Thursday, May 7, 2015

Review of Shadowgirl by @KateRistau

A word about fairy tales. Shadowgirl isn’t a fairy tale. This book is about fairies, but as a folklorist, Kate Ristau recognizes that while pixies in Fantasia dance to classical music and make moon-filled dewdrops, this image of the fair folk is a more modern interpretation. In earlier stories, fairies could make fire and move the earth and the trees. Fairies in this book, in other words, are powerful and frightening.

Kate Ristau and her novel Shadowgirl
Ristau gets so much right with Shadowgirl. It’s a tale about a girl trying to solve the mystery of her mother’s murder, but it’s also a tale about a brewing war in the fairylands. The main character has the typical YA search for her identity, but the discovery and the journey are so extraordinary that neither is typical. Even the love triangle, such a stable trope in the literary world, gets an expert twirl so it lands on its head.

Ristau takes our mundane world—the book is set in modern Ireland—and makes it a place of darkness and mystery to Ainé, the protagonist who has lived her whole life in the land of the fairies and has never seen a shadow. She has dreams of her mother’s murder in the Shadowlands—that’s what fairies call our world—so she crosses in secret to find out once and for all what happened when she was taken as a child to live with the fairies.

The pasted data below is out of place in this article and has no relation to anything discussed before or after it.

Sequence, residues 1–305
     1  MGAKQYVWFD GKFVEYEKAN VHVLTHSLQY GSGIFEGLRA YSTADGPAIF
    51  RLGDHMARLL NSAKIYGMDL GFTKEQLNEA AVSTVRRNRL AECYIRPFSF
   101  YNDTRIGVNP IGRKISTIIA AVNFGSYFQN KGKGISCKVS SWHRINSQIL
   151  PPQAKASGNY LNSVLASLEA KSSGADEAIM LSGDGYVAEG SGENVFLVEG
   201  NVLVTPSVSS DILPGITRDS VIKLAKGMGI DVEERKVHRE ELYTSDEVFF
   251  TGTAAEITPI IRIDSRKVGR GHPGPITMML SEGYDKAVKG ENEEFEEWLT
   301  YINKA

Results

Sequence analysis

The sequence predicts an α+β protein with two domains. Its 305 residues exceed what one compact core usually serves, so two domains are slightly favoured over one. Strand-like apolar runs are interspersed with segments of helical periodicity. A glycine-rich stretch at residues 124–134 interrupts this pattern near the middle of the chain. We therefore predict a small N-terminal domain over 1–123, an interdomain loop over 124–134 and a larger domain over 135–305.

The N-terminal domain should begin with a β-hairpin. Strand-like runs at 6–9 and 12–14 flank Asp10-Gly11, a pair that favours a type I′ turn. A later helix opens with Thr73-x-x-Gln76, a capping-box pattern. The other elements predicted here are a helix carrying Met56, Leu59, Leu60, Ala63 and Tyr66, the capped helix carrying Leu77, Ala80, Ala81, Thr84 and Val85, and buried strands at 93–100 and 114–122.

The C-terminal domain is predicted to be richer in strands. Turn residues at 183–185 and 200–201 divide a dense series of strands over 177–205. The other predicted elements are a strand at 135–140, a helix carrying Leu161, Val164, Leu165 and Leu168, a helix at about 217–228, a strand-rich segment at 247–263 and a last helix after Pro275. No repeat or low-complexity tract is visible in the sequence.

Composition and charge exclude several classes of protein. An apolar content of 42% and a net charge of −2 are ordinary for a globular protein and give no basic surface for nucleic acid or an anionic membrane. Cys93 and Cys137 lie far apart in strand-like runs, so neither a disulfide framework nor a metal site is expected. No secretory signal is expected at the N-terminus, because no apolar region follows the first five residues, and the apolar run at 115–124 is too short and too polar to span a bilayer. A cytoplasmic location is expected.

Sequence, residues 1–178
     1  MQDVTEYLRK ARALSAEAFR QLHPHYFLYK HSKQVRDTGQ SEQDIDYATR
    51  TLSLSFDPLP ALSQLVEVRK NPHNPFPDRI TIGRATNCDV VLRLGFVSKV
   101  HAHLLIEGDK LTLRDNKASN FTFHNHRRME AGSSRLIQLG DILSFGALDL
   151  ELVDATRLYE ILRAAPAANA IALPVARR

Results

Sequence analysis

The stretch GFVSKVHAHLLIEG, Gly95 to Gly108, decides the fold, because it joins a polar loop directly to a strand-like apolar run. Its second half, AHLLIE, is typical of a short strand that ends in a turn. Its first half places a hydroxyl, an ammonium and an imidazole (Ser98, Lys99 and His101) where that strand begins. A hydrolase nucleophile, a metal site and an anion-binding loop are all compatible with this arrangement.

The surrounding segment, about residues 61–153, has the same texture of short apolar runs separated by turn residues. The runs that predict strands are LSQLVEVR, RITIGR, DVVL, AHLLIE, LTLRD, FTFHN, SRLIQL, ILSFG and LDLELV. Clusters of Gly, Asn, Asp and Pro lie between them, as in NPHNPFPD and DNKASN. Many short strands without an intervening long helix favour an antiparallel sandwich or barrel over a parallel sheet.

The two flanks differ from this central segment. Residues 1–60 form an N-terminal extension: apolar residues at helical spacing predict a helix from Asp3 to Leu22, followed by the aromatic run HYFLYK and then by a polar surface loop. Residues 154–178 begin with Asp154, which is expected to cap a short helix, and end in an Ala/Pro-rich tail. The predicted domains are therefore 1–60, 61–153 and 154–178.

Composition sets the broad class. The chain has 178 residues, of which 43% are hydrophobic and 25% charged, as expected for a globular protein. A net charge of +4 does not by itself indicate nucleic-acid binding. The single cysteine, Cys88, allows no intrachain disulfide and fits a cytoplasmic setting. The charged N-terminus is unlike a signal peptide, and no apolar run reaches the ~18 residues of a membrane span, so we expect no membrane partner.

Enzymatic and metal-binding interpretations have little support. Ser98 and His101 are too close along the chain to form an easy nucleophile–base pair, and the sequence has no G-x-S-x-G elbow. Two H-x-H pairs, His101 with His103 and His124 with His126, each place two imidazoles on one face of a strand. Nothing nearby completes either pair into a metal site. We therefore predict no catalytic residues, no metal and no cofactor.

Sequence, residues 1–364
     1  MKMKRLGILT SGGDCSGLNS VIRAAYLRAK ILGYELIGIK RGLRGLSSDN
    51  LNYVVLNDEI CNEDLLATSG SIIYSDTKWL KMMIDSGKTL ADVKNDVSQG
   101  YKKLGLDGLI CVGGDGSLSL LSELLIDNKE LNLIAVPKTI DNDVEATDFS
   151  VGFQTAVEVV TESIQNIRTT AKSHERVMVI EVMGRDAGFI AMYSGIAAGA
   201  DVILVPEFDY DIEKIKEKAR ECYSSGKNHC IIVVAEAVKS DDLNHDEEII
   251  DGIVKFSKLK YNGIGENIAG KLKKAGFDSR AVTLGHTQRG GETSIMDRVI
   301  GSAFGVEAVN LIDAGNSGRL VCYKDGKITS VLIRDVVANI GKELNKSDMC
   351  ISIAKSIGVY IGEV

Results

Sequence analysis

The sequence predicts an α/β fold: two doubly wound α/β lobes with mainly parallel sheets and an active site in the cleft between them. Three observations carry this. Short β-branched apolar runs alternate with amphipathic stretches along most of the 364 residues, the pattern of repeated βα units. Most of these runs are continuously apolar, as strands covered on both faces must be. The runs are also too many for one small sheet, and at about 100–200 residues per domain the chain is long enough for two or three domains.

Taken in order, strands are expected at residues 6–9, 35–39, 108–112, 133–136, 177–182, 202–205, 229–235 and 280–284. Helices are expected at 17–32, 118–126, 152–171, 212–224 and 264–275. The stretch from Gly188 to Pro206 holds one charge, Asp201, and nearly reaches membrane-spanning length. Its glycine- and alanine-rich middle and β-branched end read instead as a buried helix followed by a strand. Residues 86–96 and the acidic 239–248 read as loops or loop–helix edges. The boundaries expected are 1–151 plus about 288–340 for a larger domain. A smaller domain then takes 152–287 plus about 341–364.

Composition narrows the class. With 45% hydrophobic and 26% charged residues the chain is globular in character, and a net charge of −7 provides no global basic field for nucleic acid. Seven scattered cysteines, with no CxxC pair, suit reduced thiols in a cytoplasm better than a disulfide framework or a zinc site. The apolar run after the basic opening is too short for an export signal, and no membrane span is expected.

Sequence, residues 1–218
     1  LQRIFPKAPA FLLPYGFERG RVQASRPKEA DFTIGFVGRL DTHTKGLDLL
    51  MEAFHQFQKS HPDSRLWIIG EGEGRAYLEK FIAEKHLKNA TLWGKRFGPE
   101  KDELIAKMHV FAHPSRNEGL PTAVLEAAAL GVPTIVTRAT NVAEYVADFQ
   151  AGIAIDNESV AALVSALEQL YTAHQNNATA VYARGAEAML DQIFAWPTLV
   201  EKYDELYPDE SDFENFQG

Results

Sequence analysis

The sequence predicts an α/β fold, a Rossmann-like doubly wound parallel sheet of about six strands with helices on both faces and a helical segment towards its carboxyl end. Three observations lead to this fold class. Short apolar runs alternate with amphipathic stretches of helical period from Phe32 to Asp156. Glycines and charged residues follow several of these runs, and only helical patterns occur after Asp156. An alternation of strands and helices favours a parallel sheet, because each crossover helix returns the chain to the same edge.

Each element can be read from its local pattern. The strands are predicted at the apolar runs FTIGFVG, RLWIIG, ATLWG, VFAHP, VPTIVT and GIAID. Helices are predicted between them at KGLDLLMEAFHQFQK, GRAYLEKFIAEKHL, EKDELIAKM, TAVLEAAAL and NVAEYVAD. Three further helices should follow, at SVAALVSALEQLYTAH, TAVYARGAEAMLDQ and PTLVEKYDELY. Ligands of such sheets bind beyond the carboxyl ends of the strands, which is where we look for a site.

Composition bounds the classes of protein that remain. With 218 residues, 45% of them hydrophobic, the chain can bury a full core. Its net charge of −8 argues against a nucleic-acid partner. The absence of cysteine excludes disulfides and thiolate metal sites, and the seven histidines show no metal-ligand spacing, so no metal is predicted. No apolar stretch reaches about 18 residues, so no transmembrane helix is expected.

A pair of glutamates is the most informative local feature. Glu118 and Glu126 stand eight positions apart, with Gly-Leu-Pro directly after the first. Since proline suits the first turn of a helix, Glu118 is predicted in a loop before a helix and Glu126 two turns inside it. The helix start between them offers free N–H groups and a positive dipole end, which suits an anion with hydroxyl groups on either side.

Also, I’m pleased to say that Ristau’s plot swerved in directions that surprised me. I didn’t foresee the plot twists, I didn’t guess the ending, and I was lead merrily astray until the end. It was awesome. The last time that happened to me with a YA book was the first Harry Potter.

The only criticism I have is that I didn’t know that Shadowgirl is the beginning of a series. The book ends with a crossing back to Fairyland, but so much is unresolved. All of the promises of the book are answered, but there is much left for the next book. Naturally, the next book is not out yet, so readers will have the same sweet agony I have now: waiting for book two while savoring the memories of book one.

2 comments:

Maren Anderson said...

By the way, the book will be available on May 20. She will be holding several readings and signings in May and June, including one at WOU on May 27, 4-6 PM, at the Hamersly Library.

Maren Anderson said...

Update: Get the book on Amazon: http://amzn.to/1FuvqEd

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